House Oversight Committee Chairman Darrell Issa (R-Calif.) announced Friday that he has subpoenaed Secretary of State John Kerry to appear before members of Congress to testify on the deadly 2012 Benghazi attacks.
Secretary of State John Kerry looks down as he adjusts the microphones before speaking about the situation with Ukraine and Russia from the State Department in Washington, Thursday, April 24, 2014 (AP)
"Today I announced a subpoena requiring Secretary Kerry to testify at a public ... hearing on May 21," Issa said in a tweet.
The State Department's "response to congressional investigation of Benghazi has shown a disturbing disregard for its legal obligations to Congress," Issa added. "Compliance with a subpoena for documents is not a game. The State Dept has failed to meet its legal obligations."
Issa said he issued the subpoena after he had concluded that the State Department had failed to cooperate with Congress' ongoing investigation of the White House's handling of the deadly terrorist attacks that claimed the lives of four Americans.
"Secretary Kerry must answer questions about the [State Department's] response to the congressional investigation," the California congressman said.
Issa said the State Department, which was under the control of Hillary Rodham Clinton in 2012 when the U.S. diplomatic outpost in Benghazi was attacked, is "not entitled" to withhold sensitive material that could prove "embarrassing" or implicate senior White House officials.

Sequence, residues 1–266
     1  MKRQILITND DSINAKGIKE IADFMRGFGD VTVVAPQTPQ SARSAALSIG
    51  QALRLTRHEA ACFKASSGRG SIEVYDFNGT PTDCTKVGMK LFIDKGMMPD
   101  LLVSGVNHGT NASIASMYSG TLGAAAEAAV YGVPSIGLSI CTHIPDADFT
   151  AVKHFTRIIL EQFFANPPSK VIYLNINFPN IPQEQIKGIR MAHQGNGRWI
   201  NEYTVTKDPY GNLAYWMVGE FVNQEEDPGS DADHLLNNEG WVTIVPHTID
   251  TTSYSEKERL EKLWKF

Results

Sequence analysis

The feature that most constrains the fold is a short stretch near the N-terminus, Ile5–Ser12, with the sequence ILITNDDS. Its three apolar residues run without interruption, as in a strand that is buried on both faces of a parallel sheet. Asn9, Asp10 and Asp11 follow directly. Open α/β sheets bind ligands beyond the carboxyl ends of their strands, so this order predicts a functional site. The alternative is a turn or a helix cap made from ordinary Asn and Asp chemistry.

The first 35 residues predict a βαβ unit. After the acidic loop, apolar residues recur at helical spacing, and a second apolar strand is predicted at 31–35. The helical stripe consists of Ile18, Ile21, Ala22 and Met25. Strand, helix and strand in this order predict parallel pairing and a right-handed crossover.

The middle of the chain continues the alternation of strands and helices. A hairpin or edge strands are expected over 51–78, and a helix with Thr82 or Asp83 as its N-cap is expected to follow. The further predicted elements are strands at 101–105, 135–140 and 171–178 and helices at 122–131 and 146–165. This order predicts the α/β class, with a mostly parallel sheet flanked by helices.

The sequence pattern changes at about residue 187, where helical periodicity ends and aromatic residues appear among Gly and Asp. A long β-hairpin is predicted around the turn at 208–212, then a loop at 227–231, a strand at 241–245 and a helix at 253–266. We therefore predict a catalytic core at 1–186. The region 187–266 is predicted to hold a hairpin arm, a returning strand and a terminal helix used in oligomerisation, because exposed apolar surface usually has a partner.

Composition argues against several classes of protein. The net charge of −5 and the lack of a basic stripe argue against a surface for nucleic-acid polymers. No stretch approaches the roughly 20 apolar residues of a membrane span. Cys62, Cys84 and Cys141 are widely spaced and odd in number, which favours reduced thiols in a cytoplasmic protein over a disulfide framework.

Citing testimony offered Thursday by retired Brigadier Gen. Robert Lovell, the House Oversight Committee chairman noted that U.S. military forces were never asked by the White House "to go save Americans in Benghazi during the attack."
"I expect Sec Kerry to identify docs the Dept is withholding, has delayed, or has simply avoided searching for," Issa added in a tweet.
Here's Issa's letter to Kerry
This post has been updated.
The ranking Democrat on the House Oversight Committee, Rep. Elijah Cummings (D-Md.), criticized the move, saying Issa should give Kerry more time to respond to Congress’ requests for State Department documents.
“These actions are not a responsible approach to congressional oversight, they continue a trend of generating unnecessary conflict for the sake of publicity, and they are shockingly disrespectful to the Secretary of State,” Cummings said, referring to the subpoena.
Cummings and Issa have in the past butted heads over Congress' investigation of the IRS scandal, the California Republican suggesting at one point suggesting that the Maryland Democrat helped inspire the improper targeting of conservative groups applying for tax-exempt status.
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